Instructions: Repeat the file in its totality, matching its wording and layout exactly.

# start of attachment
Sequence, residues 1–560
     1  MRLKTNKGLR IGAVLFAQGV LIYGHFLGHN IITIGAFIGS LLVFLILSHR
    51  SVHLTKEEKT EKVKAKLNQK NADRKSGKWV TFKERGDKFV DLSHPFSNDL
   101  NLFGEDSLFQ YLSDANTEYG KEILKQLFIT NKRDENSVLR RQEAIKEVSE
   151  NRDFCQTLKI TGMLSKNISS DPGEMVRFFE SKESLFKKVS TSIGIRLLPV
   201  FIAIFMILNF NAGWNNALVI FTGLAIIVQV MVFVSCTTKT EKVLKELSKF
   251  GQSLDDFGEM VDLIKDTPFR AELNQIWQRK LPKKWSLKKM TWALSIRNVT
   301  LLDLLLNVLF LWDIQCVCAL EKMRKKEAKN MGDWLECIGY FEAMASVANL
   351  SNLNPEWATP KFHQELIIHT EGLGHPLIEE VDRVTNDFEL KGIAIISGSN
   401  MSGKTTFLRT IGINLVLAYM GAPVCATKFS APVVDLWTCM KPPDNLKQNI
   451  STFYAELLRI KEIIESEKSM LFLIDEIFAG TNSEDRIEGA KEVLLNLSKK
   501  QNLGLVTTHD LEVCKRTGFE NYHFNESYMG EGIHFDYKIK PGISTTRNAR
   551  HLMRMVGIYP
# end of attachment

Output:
Sequence, residues 1–560
     1  MRLKTNKGLR IGAVLFAQGV LIYGHFLGHN IITIGAFIGS LLVFLILSHR
    51  SVHLTKEEKT EKVKAKLNQK NADRKSGKWV TFKERGDKFV DLSHPFSNDL
   101  NLFGEDSLFQ YLSDANTEYG KEILKQLFIT NKRDENSVLR RQEAIKEVSE
   151  NRDFCQTLKI TGMLSKNISS DPGEMVRFFE SKESLFKKVS TSIGIRLLPV
   201  FIAIFMILNF NAGWNNALVI FTGLAIIVQV MVFVSCTTKT EKVLKELSKF
   251  GQSLDDFGEM VDLIKDTPFR AELNQIWQRK LPKKWSLKKM TWALSIRNVT
   301  LLDLLLNVLF LWDIQCVCAL EKMRKKEAKN MGDWLECIGY FEAMASVANL
   351  SNLNPEWATP KFHQELIIHT EGLGHPLIEE VDRVTNDFEL KGIAIISGSN
   401  MSGKTTFLRT IGINLVLAYM GAPVCATKFS APVVDLWTCM KPPDNLKQNI
   451  STFYAELLRI KEIIESEKSM LFLIDEIFAG TNSEDRIEGA KEVLLNLSKK
   501  QNLGLVTTHD LEVCKRTGFE NYHFNESYMG EGIHFDYKIK PGISTTRNAR
   551  HLMRMVGIYP